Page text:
It is not easy to write a biography that does Rivers justice. As Slobodin points out, the ‘varied…shape of his career.. that he had no chance to draw together the diverse strands’ and the fact that he was an intensely private man has left us with a somewhat unusual record. In some periods of his life, there is so little known that it is unclear what to say, at others, the doctor appears to have been involved in so many activities at once, that it is difficult to know which to recount in priority to another, let alone fit them all in. Slobodin describes Rivers as an enigma, a pivotal figure in the development of not only Psychology and Psychiatry but in Physiology, Anthropology, and Ethnography as sciences. Much of what we know of him relates only to his work and the few insights into his non-college personae can be glimpsed in the papers of others such as Arthur Hocart who worked with him, or in the memoirs of his sister Katharine
CHILDHOOD AND FAMILY
On a cold rainy night in March 1864, near Chatham Hill in Kent a first child was born to Elizabeth and the Rev Henry Rivers The boy was duly Christened in a ceremony conducted by his own father, and named William, as per the family tradition of naming each eldest son. His middle names, Halse and Rivers, have caused biographers some puzzlement over the years, particularly because they could not find any evidence for the use of Halse in either side of the family, though with a little research the explanations are not difficult to find.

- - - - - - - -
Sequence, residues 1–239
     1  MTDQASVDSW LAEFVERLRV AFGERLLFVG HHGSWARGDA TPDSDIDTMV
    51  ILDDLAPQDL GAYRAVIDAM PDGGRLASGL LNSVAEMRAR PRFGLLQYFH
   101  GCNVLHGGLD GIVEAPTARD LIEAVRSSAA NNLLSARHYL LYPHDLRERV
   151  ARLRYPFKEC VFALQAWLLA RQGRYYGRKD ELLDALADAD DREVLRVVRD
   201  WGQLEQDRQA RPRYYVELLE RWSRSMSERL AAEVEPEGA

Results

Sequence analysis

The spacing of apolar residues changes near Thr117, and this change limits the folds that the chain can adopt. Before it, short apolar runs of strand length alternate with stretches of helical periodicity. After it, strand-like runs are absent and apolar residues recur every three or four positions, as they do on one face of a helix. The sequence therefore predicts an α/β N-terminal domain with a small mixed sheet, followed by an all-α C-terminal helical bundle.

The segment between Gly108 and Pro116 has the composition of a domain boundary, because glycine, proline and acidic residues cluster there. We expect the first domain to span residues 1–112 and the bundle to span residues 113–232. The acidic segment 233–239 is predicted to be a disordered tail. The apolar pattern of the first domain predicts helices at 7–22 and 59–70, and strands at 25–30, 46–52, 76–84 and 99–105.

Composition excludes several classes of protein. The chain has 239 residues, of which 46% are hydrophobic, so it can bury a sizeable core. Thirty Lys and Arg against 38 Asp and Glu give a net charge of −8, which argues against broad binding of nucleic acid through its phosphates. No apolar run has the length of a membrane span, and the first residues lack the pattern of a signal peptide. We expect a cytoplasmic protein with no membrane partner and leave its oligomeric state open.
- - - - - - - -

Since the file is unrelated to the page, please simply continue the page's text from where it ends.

The surname repeated as a Christian name is another a habit of the Rivers family – two previous incumbents fought on HMS Victory during the Battle of Trafalgar, a father and son; the father a famous gunnery captain whose notes on naval artillery were well known: the son, a midshipman who, aged 17, sustained a serious leg wound himself at the battle, resulting in partial amputation of that limb. A bust in commemoration of his service was given to Greenwich College, London (http://collections.rmg.co.uk/collections/objects/63987.html ) Legend purports that he did not utter a sound as the operation was performed, (and that Henry frequently cited this fact when trying to instill his own strict notions of manliness into his own sons. Pat Barker, in her ‘Regeneration’ series, goes as far as to suggest this may have been the cause of a number of William’s later emotional problems) It is, also, from their Naval service we might discover an explanation for ‘Halse’ ; William’s brother, born in 1865, was Christened ‘Charles Hay’ and the ‘Hay’ is said to derive from either an officer who served with the Trafalgar Rivers, or a place close to where they set sail from in Portsmouth. ‘Halse’ therefore may have a similar history.